Nick has internalised, and can reproduce, a straightforward piece on the piano, melodically, harmonically and rhythmically. He can also transpose it fluently into different keys. He can improvise variations on the piece that fit with what another player is doing. This shows that Nick has an intuitive grasp of the Western tonal system and some of its rules and conventions, and that he can apply these to create new material on a given melodic, harmonic and rhythmic framework.

Other video of Nick

To see Nick as an adult, playing the cello in an orchestra, go to I.6.D (a) (1st video).

I.5.D improvises with others, consciously offering material for them to use

Individuals generate material for others to improvise on in the course of group work

Strategies

As a continuation of I.5.C, ensure that ideas that the person you are working with are taken up and imitated by others. This process may be easiest for them to grasp at first in simple, rhythmic textures, with only two parts, before moving on to more complex improvised pieces, which make greater demands on perception, concentration and memory.

Context

Michael has moderate learning difficulties. He also has absolute pitch and enjoys playing the piano. Here he is improvising with his music therapist.

Observation

Michael offers fragments of melody that fit with the established harmony. The music therapist copies them, which continuing to provide harmonic support, to Michael’s evident pleasure – smiling at one point. Michael then determines a shift from B flat minor to B minor, and the process continues.

Interpretation

Michael’s improvisation shows that he has an intuitive understanding of Western minor tonality. He understands that he can offer musical ideas into an improvised duet, and they will be taken up by the other player.

Other videos of Michael

To see Michael playing a piece from the piano repertoire for beginners, go to P.5.A (a) (1st video). To see him playing one of his own compositions with his music therapist, go to P.5.C.

Assessment

The complete Sounds of Intent assessment matrix is to be found here [DOC 60] and downloadable assessment sheets here. [DOCS 61 & 62]

Emerging

Six levels: performs or improvises pieces as part of an ensemble at the level of ‘Initial’ (pass, merit and distinction) or Grade 1 (pass, merit and distinction) in the UK public music examination system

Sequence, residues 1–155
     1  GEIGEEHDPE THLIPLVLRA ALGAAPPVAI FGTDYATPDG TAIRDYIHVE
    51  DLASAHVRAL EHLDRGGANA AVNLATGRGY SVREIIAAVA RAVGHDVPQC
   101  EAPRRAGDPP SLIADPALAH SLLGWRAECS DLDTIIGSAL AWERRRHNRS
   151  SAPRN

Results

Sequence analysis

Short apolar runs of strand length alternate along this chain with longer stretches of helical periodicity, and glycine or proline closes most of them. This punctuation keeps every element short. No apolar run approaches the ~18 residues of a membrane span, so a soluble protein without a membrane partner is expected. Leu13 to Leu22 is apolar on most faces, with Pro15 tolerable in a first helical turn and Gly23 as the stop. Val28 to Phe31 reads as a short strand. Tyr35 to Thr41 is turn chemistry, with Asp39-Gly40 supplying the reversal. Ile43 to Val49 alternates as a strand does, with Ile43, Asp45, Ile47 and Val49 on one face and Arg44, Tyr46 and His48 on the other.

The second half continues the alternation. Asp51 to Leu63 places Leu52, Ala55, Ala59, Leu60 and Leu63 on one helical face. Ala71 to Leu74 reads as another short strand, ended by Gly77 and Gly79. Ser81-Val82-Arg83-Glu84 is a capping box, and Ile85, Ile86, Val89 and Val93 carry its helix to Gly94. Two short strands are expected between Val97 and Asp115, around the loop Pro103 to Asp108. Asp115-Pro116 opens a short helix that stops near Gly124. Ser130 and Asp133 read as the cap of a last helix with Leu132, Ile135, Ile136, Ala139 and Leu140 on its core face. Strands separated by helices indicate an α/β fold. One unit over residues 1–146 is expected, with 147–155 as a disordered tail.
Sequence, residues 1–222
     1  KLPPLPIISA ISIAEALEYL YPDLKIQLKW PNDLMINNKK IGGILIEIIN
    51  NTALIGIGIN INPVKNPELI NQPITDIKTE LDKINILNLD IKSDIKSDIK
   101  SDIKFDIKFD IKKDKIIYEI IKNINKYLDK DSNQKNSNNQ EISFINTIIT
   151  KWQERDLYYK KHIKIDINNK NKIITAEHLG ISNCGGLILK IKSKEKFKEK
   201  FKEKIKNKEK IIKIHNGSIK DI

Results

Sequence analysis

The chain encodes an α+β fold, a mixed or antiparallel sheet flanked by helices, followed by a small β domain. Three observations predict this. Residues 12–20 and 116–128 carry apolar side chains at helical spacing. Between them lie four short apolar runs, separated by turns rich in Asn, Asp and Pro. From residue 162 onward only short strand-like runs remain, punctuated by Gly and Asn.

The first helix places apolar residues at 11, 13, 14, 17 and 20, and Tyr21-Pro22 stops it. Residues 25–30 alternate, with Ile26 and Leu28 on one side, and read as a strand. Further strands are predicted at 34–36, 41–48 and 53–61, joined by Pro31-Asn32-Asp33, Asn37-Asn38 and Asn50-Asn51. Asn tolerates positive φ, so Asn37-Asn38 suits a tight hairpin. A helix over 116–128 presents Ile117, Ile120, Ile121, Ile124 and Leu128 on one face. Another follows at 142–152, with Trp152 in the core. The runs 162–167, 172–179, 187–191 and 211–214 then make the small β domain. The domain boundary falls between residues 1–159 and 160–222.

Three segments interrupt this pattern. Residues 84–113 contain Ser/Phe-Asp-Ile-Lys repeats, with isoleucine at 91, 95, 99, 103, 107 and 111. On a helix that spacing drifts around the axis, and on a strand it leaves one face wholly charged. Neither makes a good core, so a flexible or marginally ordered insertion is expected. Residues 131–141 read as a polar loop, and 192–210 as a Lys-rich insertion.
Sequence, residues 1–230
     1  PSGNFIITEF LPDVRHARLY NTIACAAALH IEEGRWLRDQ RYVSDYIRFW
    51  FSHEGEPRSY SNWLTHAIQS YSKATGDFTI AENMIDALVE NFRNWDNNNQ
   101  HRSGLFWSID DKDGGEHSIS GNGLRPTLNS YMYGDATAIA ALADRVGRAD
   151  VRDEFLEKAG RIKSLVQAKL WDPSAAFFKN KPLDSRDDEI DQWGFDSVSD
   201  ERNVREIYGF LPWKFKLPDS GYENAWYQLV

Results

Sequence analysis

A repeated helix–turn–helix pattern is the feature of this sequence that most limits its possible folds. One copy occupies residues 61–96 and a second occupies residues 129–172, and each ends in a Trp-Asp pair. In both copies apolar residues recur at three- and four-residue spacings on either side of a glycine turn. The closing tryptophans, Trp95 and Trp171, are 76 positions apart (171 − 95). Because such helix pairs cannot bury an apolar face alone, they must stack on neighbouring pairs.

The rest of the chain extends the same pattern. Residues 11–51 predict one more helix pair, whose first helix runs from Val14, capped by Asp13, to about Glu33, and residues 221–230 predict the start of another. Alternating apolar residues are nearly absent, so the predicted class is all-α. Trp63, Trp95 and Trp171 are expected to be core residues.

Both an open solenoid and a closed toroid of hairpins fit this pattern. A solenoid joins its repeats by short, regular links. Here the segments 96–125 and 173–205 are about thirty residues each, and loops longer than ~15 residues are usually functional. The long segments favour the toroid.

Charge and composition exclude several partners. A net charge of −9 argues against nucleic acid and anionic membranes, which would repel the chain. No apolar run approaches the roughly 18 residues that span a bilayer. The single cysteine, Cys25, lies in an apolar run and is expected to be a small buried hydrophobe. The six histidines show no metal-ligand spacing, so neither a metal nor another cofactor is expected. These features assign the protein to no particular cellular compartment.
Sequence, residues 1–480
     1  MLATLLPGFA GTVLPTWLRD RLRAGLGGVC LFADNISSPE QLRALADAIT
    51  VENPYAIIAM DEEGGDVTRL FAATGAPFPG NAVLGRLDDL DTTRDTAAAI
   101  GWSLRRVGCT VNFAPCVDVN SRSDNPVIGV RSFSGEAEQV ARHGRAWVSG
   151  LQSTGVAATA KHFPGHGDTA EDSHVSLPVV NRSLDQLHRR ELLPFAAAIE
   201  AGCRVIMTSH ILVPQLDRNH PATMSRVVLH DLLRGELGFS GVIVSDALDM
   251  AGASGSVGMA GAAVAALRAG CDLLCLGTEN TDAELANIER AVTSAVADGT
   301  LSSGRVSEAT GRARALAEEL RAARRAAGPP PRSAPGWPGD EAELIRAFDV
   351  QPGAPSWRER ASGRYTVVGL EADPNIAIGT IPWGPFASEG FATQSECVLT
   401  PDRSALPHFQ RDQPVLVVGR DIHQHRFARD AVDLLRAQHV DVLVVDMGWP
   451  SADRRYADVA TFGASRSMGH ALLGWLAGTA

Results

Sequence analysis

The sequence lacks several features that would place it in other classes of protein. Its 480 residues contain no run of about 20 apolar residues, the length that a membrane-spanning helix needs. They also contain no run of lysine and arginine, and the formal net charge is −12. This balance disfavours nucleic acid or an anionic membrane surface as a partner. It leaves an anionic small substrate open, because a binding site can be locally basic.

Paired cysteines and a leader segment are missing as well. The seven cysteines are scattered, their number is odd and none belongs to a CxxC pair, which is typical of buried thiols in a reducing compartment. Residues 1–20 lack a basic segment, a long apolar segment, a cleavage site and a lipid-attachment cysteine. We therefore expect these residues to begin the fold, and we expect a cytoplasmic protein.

Example 1

Indie is eight. She is on the autism spectrum and has only a little functional language. She loves playing the ukulele, and loves accompanying her mother using two or three chords, as she sings simple songs .

Example 2

Alan is 10. He has moderate learning difficulties and is on the autism spectrum. He has joined ‘recorder club’ at school, and plays along with the other four children in the group, sometimes in unison, though recently the teacher has been showing them how to play rounds.

Achieving

Six levels: performs or improvises pieces as part of an ensemble at the level of Grade 2 (pass, merit and distinction) or Grade 3 (pass, merit and distinction) in the UK public music examination system

Example 1

Sophia is 15. She is on the autism spectrum and has limited language. She loves to play the drums, and her music teacher at school has got Sophia and some of her friends together to form a band. The teacher helps by playing the keyboard. They have a go at peforming some early rock and roll songs, and Sophia keeps time well, and even manages simple fills at the ends of some phrases.

Example 2

Jose is 11 years old. He has moderate learning difficulties. He first tried the violin three years ago with his class, and he has stuck at it. He has regular lessons and has joined his primary school’s string group. They play very simple arrangements of popular pieces, and Jose plays with the second violins, sharing a stand with a friend.

Excelling

Six levels: performs or improvises pieces as part of an ensemble at the level of Grade 4 (pass, merit and distinction) or Grade 5 (pass, merit and distinction) in the UK public music examination system

Example 1

Andre is 18. He has moderate learning difficulties. He has been playing the flute since he was 11, and has gradually progressed through the early grade books (though without taking the exams). He has joined a local inclusive music-making group, which welcomes all-comers. He gets on best with some of the folk songs they perform, and his teacher has written him his own part to play, which Andre can keep to while the other members of the group make a range of vocal and instrumental contributions.

Example 2

Jade is 16. She is on the autism spectrum. In music lessons at school, she loves working with a friend to create pieces of music on her computer. They use a basic sequencing package. Jade and her friend use some of the sounds that are available digitally and record themselves singing too. The results are becoming more sophisticated as they gain experience and with guidance from their teacher.